11 Items You Should Require Clients to Buy

Footing the bill

Even a simple web design project has many moving parts. And most of them come at a price. The question of the day is: “What should clients pay for?”

If a client is already handing over a sizable fee to their web designer, might they assume these costs are included?

Sure, seems reasonable.

Couldn’t the web pro purchase items, turn around and invoice with a marked-up price? Yes, of course.

Do I want to do that? Rarely.

Which items should clients pay for?

Let’s start here, with 11 items I require clients to pay for:

  1. Domain registration
  2. Domain privacy
  3. Domain acquisition services such as backorders
  4. Hosting
  5. SSL
  6. Managed services including Managed SSL
  7. Malware scanning/remediation services
  8. Email
  9. Plug-ins requiring per-site licensing
  10. Themes requiring per-site licensing
  11. Stock photos

Oh boy, that’s a long list of “extras” I’m asking clients to purchase. And you may have additional items for your own list.

Beyond the simple who-pays-for-what decision, let’s dig into the justification, the logistics, and the necessary communication.

When determining who should pay for each item, consider these factors:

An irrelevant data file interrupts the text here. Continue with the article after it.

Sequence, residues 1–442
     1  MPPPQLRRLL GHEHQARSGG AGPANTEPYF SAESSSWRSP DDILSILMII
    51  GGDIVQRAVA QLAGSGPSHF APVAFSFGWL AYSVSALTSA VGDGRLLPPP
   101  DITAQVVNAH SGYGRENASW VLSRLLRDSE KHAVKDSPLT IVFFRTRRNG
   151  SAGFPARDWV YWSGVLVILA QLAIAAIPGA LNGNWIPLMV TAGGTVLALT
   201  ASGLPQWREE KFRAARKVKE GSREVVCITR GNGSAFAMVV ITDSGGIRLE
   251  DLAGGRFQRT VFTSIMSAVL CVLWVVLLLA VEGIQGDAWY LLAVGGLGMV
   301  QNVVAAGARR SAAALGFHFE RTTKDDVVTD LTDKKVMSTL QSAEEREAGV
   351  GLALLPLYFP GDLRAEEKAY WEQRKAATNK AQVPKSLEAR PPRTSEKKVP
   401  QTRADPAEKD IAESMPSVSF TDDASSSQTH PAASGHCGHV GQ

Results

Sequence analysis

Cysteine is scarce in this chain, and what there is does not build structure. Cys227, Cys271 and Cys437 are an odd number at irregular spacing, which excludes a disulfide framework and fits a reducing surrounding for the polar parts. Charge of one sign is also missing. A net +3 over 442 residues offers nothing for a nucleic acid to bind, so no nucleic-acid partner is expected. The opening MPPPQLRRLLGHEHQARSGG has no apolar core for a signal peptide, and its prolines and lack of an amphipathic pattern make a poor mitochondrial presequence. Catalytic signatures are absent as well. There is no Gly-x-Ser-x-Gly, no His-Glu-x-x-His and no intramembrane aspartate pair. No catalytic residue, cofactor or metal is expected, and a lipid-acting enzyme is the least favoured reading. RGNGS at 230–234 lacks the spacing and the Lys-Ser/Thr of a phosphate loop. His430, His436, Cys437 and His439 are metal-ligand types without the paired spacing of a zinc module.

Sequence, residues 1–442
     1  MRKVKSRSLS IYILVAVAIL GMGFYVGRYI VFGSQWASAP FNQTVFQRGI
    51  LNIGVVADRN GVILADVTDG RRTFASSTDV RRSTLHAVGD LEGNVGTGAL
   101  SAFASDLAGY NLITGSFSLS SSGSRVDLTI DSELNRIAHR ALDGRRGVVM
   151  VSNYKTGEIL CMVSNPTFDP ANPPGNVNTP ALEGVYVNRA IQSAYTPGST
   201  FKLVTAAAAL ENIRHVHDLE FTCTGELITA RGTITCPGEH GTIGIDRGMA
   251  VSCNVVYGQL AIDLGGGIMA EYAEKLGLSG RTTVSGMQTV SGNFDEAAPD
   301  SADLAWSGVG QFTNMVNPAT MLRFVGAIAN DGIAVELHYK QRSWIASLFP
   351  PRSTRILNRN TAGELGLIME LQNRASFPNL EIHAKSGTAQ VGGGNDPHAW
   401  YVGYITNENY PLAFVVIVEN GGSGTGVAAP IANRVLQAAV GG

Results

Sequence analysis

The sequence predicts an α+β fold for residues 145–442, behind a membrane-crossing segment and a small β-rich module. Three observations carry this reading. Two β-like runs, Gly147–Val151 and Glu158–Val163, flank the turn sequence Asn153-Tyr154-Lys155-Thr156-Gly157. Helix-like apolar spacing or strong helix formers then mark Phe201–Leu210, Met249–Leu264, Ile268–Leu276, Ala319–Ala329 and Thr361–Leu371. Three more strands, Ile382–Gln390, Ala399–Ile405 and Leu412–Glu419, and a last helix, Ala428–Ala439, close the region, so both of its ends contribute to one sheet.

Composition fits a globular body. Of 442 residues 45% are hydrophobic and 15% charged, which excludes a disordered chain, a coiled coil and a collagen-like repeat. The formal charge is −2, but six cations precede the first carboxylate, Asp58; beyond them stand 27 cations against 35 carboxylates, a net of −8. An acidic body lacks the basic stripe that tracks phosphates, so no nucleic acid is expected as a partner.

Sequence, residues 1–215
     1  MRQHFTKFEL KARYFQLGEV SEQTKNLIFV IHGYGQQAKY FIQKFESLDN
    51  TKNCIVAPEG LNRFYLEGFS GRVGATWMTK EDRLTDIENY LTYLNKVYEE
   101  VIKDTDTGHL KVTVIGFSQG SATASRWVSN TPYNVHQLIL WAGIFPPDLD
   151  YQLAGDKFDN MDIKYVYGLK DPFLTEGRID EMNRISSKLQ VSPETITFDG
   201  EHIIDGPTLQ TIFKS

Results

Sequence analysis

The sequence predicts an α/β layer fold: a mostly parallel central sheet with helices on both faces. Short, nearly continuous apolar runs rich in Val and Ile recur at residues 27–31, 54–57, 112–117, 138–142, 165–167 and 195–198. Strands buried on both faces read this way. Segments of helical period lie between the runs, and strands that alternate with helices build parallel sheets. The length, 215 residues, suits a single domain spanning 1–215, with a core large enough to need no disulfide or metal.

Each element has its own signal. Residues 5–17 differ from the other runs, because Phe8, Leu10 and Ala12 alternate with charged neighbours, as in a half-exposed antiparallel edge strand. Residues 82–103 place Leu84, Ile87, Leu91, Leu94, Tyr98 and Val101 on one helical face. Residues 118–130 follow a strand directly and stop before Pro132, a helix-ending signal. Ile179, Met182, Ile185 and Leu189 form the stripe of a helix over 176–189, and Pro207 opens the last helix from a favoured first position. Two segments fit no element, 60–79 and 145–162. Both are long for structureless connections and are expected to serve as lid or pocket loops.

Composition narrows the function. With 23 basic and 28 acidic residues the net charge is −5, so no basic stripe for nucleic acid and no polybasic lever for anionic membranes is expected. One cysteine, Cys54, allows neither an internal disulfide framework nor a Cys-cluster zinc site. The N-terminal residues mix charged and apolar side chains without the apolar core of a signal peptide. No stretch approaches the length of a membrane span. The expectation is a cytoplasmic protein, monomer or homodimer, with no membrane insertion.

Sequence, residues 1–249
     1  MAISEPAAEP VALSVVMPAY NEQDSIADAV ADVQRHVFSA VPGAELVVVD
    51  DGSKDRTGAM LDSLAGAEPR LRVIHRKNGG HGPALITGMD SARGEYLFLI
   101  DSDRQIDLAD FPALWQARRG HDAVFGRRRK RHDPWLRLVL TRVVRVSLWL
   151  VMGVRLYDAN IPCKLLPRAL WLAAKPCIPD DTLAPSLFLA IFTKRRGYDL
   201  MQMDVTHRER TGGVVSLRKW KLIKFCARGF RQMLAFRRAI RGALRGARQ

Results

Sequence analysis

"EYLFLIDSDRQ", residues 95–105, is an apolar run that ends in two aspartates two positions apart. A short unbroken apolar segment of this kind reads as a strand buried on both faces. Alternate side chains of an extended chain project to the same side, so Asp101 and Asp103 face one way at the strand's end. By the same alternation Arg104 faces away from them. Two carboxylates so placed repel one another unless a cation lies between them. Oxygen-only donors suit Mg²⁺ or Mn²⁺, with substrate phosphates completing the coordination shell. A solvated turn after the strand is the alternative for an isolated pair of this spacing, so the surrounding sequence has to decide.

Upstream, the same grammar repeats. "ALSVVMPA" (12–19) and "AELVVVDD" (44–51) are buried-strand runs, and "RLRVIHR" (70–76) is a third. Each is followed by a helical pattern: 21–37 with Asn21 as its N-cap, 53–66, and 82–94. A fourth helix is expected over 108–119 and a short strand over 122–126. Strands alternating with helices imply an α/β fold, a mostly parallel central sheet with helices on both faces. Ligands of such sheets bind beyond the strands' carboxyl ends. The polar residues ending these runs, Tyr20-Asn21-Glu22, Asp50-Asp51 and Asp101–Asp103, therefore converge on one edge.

Who should get custody of the item when the relationship ends?

Even when the relationship is over, someone has the right to keep using the item in question. Perhaps the most critical item is the domain name.

When should the web designer own the client’s domain name?

Trick question: the answer is never!

If you’re debating this situation with a client, long-term custody should be the convincing factor.

A client’s former web pro purchased her domain name. After the site launch, he disappeared and she lost access to the domain. Together it took us three months of negotiation with the registrar.

Despite the domain name being her unusual name, and her ability to provide proof it was her business, it was still excruciating. I’ve only done this once, but once was enough. Trust me, you don’t want this project on your bucket list.

Related: 8 domain name ownership tips for your web design clients

Will the client save time, effort, or money?

Sometimes the web pro invests in a developer license, with permission to use the product on multiple sites. Should the client pay for a new license? Not always. For example, I have a developer license for a set of ~50 WordPress themes, which I can use on any and all sites, without paying an additional fee.

There’s no reason clients need to pay again for one of those themes. However, if the client wants a theme outside of this set, we must discuss payment.

Might the client purchase the wrong item?

It’s reasonable to assume your clients don’t know what they should buy. If there are multiple options or licensing configurations (such as for a theme, plugin, or hosting package), you want to ensure they don’t get confused and accidentally purchase the wrong item.

When concerned this might happen, I have two options: